Having as a starting point the poem “Preveza”, the piece responds to the line
“Do I exist?” you say, and then “you don’t exist!”
It symbolically discusses the phenomenological antithesis, but synchronous philosophical parallelism of the two concepts, in a work where the existence and non-existence are being approached as a dual concept.
Kostas Karyotakis (1896-1928) is considered one of the most representative Greek poets of the 20th century and one of the first to incorporate modernist themes in his work. His poetry conveys a great deal of imagery with traces of expressionism and surrealism, and reflects his existential, pessimistic and satirical tone. He killed himself in the Greek city of Preveza, shortly after writing the titular poem.
K. Karyotakis was working as a lawyer, on the control of land donations from the Greek state to refugees from Asia Minor War of 1922. His attempt to bring to light the corruption and squandering of money behind the programs providing care for refugees, had caused the rage of the then Minister of Welfare and led to his adverse posting to Preveza.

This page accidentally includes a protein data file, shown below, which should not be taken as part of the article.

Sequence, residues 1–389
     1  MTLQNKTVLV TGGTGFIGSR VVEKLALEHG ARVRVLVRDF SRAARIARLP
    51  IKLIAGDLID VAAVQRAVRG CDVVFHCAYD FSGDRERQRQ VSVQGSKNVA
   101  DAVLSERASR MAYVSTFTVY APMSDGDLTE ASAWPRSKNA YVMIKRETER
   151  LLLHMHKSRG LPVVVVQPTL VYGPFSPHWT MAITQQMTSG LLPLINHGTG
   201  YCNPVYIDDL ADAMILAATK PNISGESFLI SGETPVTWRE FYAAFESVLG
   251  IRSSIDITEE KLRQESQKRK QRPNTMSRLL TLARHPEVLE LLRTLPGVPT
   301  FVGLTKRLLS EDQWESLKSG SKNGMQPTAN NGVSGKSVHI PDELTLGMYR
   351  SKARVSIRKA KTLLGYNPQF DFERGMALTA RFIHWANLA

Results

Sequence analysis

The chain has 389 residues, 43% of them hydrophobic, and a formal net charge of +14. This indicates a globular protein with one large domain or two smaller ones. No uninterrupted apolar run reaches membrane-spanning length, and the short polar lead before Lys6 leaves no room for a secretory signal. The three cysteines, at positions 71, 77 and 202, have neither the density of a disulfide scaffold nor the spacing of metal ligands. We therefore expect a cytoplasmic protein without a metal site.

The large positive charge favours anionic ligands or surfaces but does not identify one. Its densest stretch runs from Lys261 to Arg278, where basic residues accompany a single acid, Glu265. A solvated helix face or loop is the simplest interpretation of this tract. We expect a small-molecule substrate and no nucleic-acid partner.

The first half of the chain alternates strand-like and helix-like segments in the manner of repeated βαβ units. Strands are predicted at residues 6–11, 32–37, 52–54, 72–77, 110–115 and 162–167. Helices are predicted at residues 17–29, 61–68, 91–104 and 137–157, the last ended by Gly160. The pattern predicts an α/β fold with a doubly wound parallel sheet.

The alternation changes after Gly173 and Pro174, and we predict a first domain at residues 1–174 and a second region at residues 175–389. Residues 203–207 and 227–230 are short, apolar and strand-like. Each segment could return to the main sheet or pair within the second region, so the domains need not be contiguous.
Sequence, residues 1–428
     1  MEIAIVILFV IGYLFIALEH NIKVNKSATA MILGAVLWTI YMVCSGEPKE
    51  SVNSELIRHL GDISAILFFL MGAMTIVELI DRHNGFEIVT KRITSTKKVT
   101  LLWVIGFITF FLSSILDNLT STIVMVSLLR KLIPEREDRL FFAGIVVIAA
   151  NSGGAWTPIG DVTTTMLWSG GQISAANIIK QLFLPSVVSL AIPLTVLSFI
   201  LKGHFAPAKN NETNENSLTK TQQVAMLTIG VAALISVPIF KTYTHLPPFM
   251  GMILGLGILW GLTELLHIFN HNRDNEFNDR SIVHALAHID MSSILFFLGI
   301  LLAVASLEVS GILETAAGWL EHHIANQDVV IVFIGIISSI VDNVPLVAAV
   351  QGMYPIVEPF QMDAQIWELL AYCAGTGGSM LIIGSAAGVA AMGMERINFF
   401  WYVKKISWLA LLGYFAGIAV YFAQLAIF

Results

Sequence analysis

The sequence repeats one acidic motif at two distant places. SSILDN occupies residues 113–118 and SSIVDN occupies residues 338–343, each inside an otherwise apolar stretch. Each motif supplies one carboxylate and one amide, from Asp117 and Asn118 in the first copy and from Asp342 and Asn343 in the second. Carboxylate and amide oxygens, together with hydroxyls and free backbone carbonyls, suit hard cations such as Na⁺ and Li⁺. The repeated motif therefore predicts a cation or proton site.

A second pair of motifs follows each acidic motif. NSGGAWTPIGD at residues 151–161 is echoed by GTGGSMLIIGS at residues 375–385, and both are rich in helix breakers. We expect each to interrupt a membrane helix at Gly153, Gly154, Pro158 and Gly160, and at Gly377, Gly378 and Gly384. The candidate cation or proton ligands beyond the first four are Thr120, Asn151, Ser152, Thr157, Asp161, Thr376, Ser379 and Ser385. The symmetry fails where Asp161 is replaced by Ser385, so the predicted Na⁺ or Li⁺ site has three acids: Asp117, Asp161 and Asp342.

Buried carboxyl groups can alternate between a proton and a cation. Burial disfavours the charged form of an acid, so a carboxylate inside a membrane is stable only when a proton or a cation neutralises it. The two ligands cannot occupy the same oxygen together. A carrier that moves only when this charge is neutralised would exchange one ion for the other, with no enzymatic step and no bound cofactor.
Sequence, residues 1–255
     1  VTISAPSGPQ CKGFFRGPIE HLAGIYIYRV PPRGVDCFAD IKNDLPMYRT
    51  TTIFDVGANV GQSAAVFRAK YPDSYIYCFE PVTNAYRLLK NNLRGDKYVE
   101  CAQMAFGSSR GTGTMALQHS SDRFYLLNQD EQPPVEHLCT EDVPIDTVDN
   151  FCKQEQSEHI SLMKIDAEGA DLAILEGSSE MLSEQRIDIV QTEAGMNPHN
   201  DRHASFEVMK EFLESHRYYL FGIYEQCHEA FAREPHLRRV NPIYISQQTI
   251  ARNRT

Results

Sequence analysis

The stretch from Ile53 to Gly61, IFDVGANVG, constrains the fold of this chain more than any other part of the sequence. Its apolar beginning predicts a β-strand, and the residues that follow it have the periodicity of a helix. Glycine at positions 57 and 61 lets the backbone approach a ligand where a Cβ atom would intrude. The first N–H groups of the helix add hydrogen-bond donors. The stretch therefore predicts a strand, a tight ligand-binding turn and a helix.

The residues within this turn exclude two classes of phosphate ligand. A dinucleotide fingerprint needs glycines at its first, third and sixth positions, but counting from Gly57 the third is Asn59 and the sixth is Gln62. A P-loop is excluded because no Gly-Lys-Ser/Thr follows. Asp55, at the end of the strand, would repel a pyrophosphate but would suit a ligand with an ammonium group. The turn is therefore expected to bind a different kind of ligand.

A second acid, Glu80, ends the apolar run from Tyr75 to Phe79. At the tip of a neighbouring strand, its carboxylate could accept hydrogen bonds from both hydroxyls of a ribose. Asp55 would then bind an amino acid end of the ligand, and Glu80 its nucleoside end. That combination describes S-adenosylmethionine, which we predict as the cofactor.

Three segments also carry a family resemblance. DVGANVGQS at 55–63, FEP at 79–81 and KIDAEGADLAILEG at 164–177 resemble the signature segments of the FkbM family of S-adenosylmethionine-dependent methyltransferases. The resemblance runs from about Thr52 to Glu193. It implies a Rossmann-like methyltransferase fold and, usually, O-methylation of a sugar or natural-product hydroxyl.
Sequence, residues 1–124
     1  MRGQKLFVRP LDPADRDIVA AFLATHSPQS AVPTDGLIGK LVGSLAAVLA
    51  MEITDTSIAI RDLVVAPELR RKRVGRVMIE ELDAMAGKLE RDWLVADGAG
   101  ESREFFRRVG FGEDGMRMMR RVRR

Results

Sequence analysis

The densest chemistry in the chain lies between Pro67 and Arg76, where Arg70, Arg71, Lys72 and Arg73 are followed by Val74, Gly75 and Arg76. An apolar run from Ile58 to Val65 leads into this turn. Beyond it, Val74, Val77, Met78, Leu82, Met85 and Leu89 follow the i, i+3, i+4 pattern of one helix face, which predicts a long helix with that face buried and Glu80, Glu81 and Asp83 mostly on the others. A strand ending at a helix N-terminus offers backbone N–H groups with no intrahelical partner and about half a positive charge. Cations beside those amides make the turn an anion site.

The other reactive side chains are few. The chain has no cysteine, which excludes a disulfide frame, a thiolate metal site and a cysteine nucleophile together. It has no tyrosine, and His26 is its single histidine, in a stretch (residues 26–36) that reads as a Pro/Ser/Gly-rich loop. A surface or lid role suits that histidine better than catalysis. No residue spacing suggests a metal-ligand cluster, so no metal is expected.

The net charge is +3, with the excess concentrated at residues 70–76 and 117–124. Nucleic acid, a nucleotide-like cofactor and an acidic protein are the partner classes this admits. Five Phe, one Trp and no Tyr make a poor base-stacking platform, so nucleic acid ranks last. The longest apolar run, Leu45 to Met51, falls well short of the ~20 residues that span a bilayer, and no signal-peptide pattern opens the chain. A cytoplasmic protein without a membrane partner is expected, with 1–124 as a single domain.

The poem displays an insistent, lilting anaphora on the word Death, which stands at the beginning of several lines and sentences. It is shot through with a pungent awareness of the gallows, in the tiny mediocrity of life as the poet felt it. Mortality is measured against insignificant, black, bashing birds, or the town policeman checking a disputed weight; it is identified with futile street names, or the brass band on Sunday, a trifling sum of cash in a bankbook, the flowers on a balcony, a teacher reading his newspaper, the prefect coming in by ferry.
The poet walks and wonders whether he exists, whether his life has any value or could count for something; questions that he answers himself with the overwhelming ascertainment that he does not exist!
Poem recitation: Dimitris Karagiorgas
For This piece was created as part of the project “Being Human”.
Type Mixed Media Installation